The problem with PEX Pipe

Cross-linked polyethylene or PEX pipe has been on the plumbing market for a several years and has been accepted by most plumbers as an acceptable substitute for copper piping in potable water systems.  There are at least two methods by which PEX pipe is manufactured and depending on the manufacturer, theirs is the best way.  However, regardless of the method of manufacture, PEX pipe has a couple of drawbacks.  PEX pipe is subject to degradation by exposure to chlorine, ultraviolate radiation, and rough handling.  I bring this up because I am presently working on a case involving extensive water damage due to a leaky PEX pipe.  It seems that the pipe cracked longitudinally and released a great deal of water into the crawl space causing damage to the subflooring and consequently, the interior flooring as well.  This scenario isn’t unusual. But, after the hot water line was repaired, a second crack developed in the same line, only days after the first crack was replaced.  To make matters worse, a short time later, a third crack occurred, again, in the same hot water line.  It almost seems that the fact that a hot waterline is involved has something to do with the failures and there are accounts on-line of people having similar problems.  However, according to the manufacturer, as long as the conditions of the water do not exceed 80 psi and 140 deg, the piping shouldn’t be affected.  In addition, as long as the chlorine level is below 3500 parts per million, again, the piping should not be affected.  I’m not sure how accurate that information is since it tends to conflict with the pressure and temperature information written on the exterior pipe wall.  As for the chlorine level,  I have found reports stating that chlorine will continually degrade PEX piping, the greater the concentration, the shorter the service life.  I have also found that the failures affecting PEX pipe currently are similar to the type of failures that were affecting polybutylene pipe, for which there was a massive recall.  As far as I can tell, there are currently no recalls for  PEX pipe.

About R.J. Hill, P.E.
R. J. Hill is the author of two blogs: R.J. Hill Consulting and the Descendants of James Alexander Hill. Mr. Hill is a registered professional (mechanical) engineer with 42 years of experience, 37 years in private practice. Please visit to see the kinds of forensic investigations that Mr. Hill performs.

4 Responses to The problem with PEX Pipe

  1. Our water supply is treated with chloramine salts rather than chlorine. Significant leaks can occur where PEX piping is used with brass fittings with this kind of sanitation chemical. The chemical interaction produced between the PEX, brass and chloramine salts eats away at the brass with corrosion occurring, small leaks turn into big problems over a short period of time. Caution should be taken to find out how your water supply is made safe. Within 6 months from finishing our new home, you could easily see the corrosion inside the brass. This fix was an additional pre-treatment filtration system at $6K. All copper would have been far less expensive.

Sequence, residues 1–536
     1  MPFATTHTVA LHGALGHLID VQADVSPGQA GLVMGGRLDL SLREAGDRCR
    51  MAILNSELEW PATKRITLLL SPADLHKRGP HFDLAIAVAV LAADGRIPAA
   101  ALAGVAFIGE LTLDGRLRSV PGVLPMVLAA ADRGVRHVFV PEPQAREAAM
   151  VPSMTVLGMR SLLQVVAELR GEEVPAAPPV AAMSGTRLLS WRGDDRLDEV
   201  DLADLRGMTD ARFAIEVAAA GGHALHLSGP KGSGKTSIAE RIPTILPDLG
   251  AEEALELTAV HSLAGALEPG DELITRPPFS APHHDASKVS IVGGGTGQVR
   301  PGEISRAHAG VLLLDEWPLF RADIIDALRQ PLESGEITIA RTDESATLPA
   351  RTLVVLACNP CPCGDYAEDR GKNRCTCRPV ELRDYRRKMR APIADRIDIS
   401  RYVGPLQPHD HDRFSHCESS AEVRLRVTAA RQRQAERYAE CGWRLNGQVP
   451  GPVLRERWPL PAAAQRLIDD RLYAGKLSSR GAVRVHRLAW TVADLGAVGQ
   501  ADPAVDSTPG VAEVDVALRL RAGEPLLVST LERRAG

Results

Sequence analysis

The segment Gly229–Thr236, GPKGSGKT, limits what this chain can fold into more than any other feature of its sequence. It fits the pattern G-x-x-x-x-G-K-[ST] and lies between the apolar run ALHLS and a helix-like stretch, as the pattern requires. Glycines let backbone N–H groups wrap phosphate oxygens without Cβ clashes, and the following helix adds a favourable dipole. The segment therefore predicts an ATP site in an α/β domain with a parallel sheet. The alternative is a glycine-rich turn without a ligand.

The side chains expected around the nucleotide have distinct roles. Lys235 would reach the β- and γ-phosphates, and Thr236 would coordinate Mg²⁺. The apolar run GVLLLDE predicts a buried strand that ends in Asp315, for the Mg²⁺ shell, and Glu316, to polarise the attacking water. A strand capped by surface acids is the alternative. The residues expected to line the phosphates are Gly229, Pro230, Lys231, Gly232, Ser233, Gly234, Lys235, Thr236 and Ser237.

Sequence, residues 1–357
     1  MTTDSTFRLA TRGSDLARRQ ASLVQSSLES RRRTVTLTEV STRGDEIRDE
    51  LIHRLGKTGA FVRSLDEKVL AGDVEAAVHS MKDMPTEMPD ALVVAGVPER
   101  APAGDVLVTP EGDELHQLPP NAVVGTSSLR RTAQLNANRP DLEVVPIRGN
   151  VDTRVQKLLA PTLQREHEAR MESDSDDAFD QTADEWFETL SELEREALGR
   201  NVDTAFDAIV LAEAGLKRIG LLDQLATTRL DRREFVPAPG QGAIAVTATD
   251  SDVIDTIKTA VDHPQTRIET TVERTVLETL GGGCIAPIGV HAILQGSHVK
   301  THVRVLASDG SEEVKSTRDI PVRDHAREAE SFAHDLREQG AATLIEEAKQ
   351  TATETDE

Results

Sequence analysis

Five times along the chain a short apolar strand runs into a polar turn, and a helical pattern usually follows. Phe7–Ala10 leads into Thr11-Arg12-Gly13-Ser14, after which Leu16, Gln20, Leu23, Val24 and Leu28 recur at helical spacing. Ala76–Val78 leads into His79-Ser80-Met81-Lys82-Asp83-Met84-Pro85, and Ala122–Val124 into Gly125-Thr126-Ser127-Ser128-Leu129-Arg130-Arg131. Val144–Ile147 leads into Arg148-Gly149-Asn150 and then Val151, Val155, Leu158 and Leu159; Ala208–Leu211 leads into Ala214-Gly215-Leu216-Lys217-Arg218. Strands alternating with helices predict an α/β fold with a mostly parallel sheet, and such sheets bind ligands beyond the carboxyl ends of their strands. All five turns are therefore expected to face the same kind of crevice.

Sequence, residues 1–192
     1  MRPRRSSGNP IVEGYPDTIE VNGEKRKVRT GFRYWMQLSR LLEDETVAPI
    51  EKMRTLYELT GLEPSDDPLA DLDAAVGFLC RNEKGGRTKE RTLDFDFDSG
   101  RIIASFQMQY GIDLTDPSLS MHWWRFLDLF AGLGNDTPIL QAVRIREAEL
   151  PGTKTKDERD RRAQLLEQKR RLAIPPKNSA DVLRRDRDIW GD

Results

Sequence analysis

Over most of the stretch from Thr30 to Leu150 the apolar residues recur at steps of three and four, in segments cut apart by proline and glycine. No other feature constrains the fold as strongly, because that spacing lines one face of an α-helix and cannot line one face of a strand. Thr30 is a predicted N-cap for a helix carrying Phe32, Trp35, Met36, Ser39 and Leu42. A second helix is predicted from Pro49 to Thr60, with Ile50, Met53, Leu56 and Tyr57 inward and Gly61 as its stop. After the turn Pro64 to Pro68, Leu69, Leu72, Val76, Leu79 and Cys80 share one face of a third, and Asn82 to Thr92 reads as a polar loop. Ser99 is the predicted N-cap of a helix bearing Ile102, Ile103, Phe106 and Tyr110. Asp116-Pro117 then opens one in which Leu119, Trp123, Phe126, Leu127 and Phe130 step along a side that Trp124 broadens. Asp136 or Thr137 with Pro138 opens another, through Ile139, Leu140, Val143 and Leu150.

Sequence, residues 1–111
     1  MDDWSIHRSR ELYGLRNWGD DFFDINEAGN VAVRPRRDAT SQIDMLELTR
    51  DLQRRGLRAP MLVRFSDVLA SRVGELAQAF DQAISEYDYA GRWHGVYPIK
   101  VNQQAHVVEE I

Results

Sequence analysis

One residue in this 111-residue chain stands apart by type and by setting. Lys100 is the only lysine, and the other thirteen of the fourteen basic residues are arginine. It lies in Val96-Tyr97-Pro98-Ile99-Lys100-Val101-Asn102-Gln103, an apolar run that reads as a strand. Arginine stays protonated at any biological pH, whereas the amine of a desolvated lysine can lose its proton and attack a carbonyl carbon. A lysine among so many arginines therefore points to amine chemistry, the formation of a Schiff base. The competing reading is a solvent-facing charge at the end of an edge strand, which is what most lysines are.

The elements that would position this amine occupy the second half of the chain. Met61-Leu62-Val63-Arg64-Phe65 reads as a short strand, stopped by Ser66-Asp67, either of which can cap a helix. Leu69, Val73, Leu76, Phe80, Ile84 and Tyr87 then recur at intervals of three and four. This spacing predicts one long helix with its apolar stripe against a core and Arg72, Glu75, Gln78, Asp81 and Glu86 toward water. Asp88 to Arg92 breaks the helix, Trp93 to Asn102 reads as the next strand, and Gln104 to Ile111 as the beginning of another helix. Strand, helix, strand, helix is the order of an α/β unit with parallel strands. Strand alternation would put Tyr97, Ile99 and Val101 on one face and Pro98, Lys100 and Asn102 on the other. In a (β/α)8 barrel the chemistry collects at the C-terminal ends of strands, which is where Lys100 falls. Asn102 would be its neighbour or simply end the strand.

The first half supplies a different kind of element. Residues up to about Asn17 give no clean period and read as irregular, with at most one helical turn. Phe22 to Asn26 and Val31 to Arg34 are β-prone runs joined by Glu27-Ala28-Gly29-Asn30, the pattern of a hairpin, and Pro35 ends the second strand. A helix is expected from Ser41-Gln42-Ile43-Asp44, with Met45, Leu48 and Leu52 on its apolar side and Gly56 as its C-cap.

2. gold account says:

    PEX (or crosslinked polyethylene) is part of a water supply piping system that has several advantages over metal pipe (copper, iron, lead) or rigid plastic pipe (PVC, CPVC, ABS) systems. It is flexible, resistant to scale and chlorine, doesn’t corrode or develop pinholes, is faster to install than metal or rigid plastic, and has fewer connections and fittings.


  3. Kevin Cohen says:

    I have had a similar case with PEX as you identified above with my hot water line … longitudal split inside a wall. Do you recommend testing chlorine levels in water? Is there a setting on the water heater to lower the hot temps?


    • Good Morning Mr. Cohen,

      Testing chlorine levels is somewhat impractical for most people unless you have the time and access to testing materials or a lab. In addition, it is difficult to say what chlorine level would be acceptable as it depends on several factors. Those factors are out of everyone’s control since the chlorine is added by the local water treatment plant. If you are having problems with PEX pipe failure, it would be easier to replace the pipe with PVC, polyethylene, or copper. As far as temperature is concerned, yes you should be able to turn down the temperature setting on your water heater. If you have a gas unit, the control valve is usually mounted in front, in plain sight, and has a knob that is marked with “Lo” and “HI” or ‘Hot” and “cold”. If you have an electric water heater, you will have to remove the two covers on the front side. There might be some insulation covering the thermostats at the top and bottom that will have to be moved out of the way. ***CAUTION*** Both thermostats are electrically live and operate at 230 volts. DO NOT TOUCH ANY OF THE ELECTRICAL TERMINALS!!! You will see temperature dials on both thermostats that can be adjusted using a small screwdriver. Turn the dial screw until the desired temperature is opposite the arrow indicator. Don’t go below 120 F as this is the minimum required temperature for washing dishes and doing laundry. If you don’t feel comfortable adjusting your water heater thermostats, don’t do it! I would recommend finding someone who can make the adjustments for you.

      Thanks for you comments.



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